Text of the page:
Nov 3 2014

Matt Cutts Won’t Be Back At Google Any Time Soon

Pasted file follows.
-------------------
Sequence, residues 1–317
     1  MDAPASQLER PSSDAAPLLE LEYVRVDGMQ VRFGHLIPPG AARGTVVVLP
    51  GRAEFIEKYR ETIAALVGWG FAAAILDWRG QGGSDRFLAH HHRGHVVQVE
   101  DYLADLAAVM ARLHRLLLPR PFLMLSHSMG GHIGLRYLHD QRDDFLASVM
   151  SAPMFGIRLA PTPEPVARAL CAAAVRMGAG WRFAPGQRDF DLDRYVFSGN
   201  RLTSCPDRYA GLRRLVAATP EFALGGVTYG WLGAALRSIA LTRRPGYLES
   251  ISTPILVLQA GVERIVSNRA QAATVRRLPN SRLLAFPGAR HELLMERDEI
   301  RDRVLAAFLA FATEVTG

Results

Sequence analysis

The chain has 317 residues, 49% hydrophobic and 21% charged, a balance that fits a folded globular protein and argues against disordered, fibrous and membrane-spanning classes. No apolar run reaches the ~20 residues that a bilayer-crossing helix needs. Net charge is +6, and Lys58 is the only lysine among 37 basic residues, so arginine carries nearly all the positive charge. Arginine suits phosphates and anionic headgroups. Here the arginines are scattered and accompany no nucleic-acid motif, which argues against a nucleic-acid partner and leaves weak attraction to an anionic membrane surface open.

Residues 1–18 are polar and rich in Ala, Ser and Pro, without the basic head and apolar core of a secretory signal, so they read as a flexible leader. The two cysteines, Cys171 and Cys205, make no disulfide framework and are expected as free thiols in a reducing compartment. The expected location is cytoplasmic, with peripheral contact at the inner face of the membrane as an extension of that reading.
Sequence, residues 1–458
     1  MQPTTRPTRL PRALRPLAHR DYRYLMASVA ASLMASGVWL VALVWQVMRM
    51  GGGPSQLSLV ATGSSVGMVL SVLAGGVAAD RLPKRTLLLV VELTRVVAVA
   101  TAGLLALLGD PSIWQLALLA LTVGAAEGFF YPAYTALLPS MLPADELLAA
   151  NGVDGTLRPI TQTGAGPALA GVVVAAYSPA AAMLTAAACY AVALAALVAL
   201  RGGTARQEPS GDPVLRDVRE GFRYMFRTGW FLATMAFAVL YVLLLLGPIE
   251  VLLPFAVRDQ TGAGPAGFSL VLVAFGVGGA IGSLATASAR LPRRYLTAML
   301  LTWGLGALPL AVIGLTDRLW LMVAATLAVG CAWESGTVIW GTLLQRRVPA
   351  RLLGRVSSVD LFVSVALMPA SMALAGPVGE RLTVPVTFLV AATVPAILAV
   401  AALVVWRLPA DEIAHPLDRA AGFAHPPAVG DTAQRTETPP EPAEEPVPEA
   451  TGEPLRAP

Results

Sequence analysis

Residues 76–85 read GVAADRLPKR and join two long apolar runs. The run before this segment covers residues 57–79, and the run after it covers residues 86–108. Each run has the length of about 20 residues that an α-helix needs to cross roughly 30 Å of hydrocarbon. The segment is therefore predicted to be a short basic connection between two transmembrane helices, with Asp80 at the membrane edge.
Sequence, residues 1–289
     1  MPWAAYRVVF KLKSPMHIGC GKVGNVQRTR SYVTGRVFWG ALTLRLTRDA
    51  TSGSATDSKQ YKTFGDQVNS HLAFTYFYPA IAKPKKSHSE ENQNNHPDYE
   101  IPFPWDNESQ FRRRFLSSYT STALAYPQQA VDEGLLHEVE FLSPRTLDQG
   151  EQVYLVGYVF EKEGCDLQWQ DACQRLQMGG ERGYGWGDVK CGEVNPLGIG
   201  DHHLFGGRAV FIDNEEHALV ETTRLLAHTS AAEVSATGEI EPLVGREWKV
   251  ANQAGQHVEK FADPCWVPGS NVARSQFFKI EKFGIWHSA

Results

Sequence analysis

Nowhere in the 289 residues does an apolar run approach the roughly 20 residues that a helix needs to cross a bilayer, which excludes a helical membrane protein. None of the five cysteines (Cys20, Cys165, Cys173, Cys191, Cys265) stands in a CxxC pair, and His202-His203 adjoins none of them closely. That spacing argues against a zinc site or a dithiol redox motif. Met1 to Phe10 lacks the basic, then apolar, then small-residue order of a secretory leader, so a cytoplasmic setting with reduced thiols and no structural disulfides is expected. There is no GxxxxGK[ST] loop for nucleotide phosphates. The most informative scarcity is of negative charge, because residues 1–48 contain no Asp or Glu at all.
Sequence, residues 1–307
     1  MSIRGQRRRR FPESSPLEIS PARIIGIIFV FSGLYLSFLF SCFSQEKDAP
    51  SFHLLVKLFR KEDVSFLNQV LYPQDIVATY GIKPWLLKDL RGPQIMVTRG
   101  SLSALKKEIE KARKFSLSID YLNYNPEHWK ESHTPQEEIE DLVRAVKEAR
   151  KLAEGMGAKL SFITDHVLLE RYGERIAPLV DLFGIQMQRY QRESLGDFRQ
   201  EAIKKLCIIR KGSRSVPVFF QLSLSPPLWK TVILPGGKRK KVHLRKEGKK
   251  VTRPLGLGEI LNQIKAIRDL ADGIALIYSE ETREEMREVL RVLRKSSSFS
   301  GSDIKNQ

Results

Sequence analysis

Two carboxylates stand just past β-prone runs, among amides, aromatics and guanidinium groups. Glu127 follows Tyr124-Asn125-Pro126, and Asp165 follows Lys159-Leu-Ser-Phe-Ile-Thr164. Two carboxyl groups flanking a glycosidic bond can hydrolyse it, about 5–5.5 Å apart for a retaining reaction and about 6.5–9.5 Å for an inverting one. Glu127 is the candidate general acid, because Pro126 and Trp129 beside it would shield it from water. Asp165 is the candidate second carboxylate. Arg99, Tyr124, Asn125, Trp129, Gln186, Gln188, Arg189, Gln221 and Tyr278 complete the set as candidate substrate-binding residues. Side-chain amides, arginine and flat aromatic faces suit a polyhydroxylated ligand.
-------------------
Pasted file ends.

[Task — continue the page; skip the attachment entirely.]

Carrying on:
Back in July, Google’s head of webspam Matt Cutts announced that he was taking an extended leave from work to enjoy his personal life. On Friday, he revealed in a tweet (via Search Engine Roundtable ) that he won’t be back to work at all this year. I'm planning to extend my leave into 2015: https://t.co/T5adq50x4L — Matt Cutts (@mattcutts) November 1, 2014 Cutts didn’t really elaborate on why he’s extending his leave, but if you could do it, why not, right? He did say this on his blog back in July: I wanted to let folks know that I’m about to take a few months of leave. When I joined Google, my wife and I agreed that I would work for 4-5 years, and then she’d get to see more of me. I talked about this as recently as last month and as early as 2006. And now, almost fifteen years later I’d like to be there for my wife more. I know she’d like me to be around more too, and not just physically present while my mind is still on work. So we’re going to take some time off for a few months. My leave starts next week. Currently I’m scheduled to be gone through October. Thanks to a deep bench of smart engineers and spam fighters, the webspam team is in more-than-capable hands. Seriously, they’re much better at spam fighting than I am, so don’t worry on that score. In Matt’s absence, the industry had relied on updates from people like Google Webmaster Trends analysts John Mueller and Pierre Far. There have been both new Panda and Penguin updates to roll out during Matt’s leave. It remains to be seen when Cutts will return, but there’s not really that much of 2014 left. I’d expect him to return after the New Year. We’ll see. Webmasters must be itching for more of Cutts’ famous YouTube videos. Image via YouTube